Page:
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Crystalline papagoite from Namibia (size: 5.9 x 3.3 x 2.1 cm)
Category Cyclosilicate
(repeating unit)
Strunz classification 9.CE.05
Crystal system Monoclinic
Crystal class Prismatic (2/m)
(same H-M symbol)
Space group C2/m
Unit cell a = 12.92 Å, b = 11.49 Å,
c = 4.69 Å; β = 100.81°; Z = 4
Color Dark blue crystals, light blue when massive
Crystal habit Massive; cryptocrystalline, forming flat elongated crystals
Cleavage Imperfect in one direction
Fracture Brittle
Mohs scale hardness 5-5.5
Luster Vitreous to dull
Streak Light blue
Specific gravity 3.25
Optical properties Biaxial (-)
Refractive index nα = 1.607 nβ = 1.641 nγ = 1.672
Birefringence δ = 0.065
Pleochroism Trichroic
2V angle Measured: 78°
References [1][2][3][4]

Papagoite is a rare cyclosilicate mineral. Chemically, it is a calcium copper aluminium silicate hydroxide, found as a secondary mineral on slip surfaces and in altered granodiorite veins, either in massive form or as microscopic crystals that may form spherical aggregates. Its chemical formula is CaCuAlSi2O6(OH)3.

It was discovered in 1960 in Ajo, Arizona, US, and was named after the Sand Papago peoples (now named Hia C-ed O'odham) that inhabit the area.[4] This location is the only papagoite source within the United States, while worldwide it is also found in South Africa and Namibia. It is associated with aurichalcite, shattuckite, ajoite and baryte in Arizona, and with quartz, native copper and ajoite in South Africa.[4] Its bright blue color is the mineral's most notable characteristic.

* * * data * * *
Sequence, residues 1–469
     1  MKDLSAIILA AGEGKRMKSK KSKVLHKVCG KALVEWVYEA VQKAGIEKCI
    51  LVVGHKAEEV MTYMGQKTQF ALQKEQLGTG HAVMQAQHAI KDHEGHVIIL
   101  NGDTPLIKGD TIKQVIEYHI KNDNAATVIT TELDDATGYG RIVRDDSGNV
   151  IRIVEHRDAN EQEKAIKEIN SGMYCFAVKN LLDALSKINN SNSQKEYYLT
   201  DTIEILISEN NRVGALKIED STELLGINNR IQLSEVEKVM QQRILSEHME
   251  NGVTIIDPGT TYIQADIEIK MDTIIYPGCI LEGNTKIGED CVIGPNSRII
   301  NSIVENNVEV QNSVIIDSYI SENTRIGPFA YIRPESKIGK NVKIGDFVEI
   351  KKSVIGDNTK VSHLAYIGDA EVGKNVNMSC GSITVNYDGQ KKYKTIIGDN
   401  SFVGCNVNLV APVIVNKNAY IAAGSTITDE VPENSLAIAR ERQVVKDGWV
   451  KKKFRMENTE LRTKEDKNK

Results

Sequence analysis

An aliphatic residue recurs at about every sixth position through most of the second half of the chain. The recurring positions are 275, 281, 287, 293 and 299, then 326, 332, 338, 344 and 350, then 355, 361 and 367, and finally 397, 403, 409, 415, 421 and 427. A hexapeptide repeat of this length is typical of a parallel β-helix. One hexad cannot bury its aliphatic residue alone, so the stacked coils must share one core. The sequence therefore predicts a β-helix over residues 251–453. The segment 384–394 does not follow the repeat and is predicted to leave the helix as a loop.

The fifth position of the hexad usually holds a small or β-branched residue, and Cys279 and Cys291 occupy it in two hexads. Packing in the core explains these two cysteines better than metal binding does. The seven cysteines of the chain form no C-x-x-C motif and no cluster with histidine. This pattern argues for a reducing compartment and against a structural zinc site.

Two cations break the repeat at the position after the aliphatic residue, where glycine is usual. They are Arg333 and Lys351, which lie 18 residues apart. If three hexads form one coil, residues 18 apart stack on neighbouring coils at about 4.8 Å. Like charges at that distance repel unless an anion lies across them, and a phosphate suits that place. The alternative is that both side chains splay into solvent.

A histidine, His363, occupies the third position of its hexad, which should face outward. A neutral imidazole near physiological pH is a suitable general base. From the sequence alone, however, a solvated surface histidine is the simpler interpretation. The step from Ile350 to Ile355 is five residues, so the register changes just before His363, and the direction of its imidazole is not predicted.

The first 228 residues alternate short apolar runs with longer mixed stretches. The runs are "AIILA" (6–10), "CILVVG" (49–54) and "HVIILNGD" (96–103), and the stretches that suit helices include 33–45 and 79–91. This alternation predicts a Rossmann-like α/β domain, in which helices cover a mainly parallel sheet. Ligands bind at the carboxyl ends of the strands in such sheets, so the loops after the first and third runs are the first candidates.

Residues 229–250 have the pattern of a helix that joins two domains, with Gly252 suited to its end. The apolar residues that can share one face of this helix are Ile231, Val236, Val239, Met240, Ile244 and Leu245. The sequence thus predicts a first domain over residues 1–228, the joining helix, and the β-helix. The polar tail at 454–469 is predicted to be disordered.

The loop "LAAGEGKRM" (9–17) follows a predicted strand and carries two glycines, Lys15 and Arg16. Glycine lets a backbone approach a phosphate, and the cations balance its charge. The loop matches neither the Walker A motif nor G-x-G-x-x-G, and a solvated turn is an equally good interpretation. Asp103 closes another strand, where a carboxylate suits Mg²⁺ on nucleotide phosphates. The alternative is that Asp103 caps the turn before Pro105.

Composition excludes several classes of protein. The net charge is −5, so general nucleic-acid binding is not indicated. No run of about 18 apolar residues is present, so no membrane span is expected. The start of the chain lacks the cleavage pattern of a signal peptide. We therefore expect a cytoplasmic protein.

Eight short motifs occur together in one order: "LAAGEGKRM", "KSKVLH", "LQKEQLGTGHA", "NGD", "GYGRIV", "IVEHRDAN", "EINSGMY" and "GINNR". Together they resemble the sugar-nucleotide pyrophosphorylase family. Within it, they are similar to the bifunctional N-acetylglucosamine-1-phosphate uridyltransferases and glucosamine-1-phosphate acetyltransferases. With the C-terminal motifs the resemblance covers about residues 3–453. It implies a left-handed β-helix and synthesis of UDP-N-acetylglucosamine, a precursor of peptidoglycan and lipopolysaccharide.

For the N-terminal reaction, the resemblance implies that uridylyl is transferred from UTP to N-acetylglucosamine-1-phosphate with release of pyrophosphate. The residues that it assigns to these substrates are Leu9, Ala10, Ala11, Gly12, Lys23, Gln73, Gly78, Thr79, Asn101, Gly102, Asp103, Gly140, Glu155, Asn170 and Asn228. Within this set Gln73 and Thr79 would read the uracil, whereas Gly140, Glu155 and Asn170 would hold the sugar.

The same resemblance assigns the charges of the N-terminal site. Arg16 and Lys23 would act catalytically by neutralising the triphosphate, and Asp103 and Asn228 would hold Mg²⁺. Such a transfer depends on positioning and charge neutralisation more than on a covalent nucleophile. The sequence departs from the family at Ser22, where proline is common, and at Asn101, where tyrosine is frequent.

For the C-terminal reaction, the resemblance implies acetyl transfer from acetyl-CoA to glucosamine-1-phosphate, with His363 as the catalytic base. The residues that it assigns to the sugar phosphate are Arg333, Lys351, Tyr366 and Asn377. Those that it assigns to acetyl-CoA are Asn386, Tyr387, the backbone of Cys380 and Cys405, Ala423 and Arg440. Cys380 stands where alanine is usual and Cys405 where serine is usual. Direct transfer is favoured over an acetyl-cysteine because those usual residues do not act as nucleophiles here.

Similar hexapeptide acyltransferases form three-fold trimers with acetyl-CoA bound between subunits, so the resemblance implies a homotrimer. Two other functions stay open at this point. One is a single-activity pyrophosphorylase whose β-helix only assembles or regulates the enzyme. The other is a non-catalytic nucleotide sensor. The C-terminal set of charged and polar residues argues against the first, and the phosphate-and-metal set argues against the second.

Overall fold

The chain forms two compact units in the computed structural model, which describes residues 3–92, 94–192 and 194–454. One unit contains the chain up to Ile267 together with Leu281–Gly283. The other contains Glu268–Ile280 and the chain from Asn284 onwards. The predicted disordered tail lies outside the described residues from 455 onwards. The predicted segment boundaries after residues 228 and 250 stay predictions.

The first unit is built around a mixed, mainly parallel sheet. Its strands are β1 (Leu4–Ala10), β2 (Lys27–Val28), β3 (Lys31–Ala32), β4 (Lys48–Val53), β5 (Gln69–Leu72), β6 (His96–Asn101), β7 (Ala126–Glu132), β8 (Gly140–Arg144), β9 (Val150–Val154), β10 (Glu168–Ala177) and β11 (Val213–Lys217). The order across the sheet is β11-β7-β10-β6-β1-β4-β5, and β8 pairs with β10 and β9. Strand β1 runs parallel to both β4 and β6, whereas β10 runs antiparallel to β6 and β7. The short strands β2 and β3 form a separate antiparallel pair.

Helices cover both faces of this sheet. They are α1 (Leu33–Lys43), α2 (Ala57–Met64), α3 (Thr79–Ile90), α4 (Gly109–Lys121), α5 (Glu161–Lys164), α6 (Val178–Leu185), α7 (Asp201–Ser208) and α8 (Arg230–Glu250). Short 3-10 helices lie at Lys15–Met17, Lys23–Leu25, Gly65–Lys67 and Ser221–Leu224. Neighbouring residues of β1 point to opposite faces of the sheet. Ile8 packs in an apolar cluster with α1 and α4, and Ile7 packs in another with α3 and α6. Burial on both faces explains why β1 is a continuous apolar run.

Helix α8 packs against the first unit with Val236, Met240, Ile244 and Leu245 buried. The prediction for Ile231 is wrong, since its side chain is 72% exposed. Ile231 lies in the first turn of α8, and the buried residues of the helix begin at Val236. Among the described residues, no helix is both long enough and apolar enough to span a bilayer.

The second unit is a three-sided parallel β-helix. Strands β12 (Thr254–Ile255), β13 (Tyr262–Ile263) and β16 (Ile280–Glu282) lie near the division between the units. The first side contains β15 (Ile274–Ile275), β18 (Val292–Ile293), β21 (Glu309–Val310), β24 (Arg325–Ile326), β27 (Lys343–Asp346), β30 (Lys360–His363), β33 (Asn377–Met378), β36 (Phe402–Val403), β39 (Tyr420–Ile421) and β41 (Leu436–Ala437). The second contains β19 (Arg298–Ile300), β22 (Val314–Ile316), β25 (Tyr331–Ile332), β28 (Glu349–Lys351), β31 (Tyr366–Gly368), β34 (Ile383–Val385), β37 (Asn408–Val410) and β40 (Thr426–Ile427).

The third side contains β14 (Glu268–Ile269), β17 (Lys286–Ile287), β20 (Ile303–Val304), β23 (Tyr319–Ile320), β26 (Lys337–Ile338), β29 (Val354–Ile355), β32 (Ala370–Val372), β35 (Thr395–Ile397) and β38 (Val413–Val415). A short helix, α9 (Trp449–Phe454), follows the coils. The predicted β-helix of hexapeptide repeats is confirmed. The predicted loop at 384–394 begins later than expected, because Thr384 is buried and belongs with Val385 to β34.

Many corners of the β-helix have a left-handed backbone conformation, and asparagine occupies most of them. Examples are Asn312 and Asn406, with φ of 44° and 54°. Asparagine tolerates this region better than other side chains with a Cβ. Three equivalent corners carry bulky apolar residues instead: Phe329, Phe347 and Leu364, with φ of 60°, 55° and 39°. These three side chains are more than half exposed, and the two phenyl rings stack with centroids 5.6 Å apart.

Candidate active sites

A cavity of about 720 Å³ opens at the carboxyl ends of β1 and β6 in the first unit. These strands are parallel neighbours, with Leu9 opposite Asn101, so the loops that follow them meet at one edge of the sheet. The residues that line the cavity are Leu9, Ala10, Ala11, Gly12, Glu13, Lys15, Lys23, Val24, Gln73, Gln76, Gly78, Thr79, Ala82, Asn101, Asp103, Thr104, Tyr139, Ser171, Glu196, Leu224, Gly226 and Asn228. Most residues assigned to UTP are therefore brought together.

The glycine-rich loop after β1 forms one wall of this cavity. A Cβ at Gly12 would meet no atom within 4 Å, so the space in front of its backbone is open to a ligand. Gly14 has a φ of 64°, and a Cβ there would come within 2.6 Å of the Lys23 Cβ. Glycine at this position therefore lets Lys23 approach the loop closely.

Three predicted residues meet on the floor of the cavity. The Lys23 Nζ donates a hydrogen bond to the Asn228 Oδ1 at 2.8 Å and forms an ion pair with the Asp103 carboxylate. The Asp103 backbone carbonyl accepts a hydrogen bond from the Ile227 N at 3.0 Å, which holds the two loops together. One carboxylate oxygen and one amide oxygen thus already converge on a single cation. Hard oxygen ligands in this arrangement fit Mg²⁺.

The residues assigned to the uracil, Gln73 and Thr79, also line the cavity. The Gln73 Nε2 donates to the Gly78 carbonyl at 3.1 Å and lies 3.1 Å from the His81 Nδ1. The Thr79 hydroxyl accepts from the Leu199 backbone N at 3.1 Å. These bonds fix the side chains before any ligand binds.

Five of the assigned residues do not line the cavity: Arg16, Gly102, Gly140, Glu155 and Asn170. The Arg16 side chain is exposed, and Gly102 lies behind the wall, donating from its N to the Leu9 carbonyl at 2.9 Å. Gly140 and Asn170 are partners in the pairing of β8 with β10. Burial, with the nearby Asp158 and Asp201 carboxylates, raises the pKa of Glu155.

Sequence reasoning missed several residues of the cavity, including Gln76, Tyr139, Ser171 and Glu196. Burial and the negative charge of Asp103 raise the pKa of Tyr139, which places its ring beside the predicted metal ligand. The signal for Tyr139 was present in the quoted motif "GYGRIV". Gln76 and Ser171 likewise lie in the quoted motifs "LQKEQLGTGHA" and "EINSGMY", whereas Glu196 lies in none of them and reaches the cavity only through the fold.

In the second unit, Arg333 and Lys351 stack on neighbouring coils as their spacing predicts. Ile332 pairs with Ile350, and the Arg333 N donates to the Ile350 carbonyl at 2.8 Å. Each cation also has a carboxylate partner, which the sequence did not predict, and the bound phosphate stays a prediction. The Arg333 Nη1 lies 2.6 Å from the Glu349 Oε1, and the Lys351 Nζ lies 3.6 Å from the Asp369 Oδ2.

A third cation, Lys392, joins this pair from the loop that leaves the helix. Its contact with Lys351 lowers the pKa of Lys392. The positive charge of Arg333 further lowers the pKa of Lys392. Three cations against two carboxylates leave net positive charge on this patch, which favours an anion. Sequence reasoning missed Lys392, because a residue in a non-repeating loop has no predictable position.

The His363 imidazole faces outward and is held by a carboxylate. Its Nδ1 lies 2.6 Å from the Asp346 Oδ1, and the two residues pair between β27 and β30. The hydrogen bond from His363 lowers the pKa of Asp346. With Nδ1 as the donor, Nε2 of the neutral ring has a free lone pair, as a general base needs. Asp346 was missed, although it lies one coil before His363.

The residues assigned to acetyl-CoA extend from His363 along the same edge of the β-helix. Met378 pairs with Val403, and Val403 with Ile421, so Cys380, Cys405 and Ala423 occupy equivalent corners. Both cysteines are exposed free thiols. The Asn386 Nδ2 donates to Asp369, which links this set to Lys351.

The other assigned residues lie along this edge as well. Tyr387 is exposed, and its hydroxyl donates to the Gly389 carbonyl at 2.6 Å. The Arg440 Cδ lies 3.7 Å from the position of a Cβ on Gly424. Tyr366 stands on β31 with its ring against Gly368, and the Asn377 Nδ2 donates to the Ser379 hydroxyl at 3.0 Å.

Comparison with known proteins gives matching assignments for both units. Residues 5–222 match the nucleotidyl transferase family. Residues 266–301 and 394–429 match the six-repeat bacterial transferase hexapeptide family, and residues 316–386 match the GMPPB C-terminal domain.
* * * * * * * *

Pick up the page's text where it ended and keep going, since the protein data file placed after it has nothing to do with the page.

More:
It is used as a gemstone.[5]


  1. ^ Mineralienatlas
  2. ^ MinDat
  3. ^ Webmineral
  4. ^ a b c Handbook of Mineralogy
  5. ^ Dictionary of Gems and Gemology By Mohsen Manutchehr-Danai p.352

Papagoite with conichalcite, from Ajo, Arizona.
Papagoite and native copper inclusions on a quartz crystal from Limpopo Province, South Africa (size 7.0 x 3.7 x 2.6 cm)